By the early 18th century the American colonies were well established along the eastern seaboard; indeed, their political, economic and cultural development had been remarkable. Yet without the libraries, universities and endowed institutions of Europe their capacity to participate in the new scientific thinking was distinctly disadvantaged. Nevertheless, the ideas of the Enlightenment enthused many throughout the colonies, and their observations and descriptions of natural phenomena – including earthquakes, meteors, comets and the 1761 and 1769 transits of Venus – supported the greater scientific community.
The cause, prevention (for example, by inoculation) and cure of a wide variety of diseases also received much attention in colonial and early American scientific tracts, particularly the Boston smallpox epidemic in 1721 and the Philadelphia yellow fever epidemic in 1793. Other topics of special interest included the climate and the natural environment, with observations about the unfamiliar weather and the challenging landscape appearing in the earliest colonial writings and being frequently linked to implications for human health and the ability to develop the land.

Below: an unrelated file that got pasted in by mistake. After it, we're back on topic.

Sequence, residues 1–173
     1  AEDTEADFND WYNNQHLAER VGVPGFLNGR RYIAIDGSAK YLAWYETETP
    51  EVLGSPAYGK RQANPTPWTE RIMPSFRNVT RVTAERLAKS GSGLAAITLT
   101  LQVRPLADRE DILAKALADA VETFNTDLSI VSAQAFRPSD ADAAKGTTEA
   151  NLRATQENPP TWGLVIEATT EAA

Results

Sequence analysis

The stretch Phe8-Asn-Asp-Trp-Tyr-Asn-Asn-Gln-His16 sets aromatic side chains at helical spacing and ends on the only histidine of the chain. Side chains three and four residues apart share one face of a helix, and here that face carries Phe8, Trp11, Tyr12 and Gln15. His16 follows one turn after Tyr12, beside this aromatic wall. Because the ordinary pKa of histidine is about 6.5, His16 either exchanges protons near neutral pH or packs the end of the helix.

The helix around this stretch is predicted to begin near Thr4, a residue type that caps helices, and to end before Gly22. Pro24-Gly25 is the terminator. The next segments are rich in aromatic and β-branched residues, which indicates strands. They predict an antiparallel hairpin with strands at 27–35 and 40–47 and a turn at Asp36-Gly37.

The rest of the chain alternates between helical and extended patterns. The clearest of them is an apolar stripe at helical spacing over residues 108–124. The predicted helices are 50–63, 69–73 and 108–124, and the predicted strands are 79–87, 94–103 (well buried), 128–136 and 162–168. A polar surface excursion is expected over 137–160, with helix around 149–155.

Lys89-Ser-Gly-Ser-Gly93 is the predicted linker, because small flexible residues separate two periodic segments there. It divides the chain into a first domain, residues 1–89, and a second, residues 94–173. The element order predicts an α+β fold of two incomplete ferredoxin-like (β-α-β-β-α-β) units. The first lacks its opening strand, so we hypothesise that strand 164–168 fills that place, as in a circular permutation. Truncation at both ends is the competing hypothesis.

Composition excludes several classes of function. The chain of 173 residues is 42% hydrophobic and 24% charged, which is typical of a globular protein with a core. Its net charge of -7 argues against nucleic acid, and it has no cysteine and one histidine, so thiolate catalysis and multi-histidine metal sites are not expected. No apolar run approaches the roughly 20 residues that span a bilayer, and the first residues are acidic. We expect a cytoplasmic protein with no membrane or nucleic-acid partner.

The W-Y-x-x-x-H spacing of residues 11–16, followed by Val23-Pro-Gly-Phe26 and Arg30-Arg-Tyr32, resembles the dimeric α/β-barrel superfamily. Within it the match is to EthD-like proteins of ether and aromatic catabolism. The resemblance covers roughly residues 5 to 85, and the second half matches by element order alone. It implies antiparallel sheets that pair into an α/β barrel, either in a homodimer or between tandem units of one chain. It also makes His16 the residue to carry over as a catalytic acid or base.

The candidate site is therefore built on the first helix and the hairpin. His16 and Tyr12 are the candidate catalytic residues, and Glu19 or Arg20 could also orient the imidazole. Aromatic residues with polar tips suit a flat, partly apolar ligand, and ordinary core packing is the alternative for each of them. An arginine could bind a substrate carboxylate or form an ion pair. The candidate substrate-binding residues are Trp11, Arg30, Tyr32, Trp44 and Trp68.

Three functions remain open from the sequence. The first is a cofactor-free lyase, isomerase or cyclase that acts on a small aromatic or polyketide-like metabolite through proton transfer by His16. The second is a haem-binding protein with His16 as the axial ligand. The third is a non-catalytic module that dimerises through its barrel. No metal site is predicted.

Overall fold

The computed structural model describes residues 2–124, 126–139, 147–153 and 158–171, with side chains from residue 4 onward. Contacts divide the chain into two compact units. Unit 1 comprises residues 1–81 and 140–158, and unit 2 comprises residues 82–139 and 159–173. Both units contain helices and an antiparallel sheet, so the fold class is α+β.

A bibliography of our holdings of early American scientific writing on these and other topics may be found here.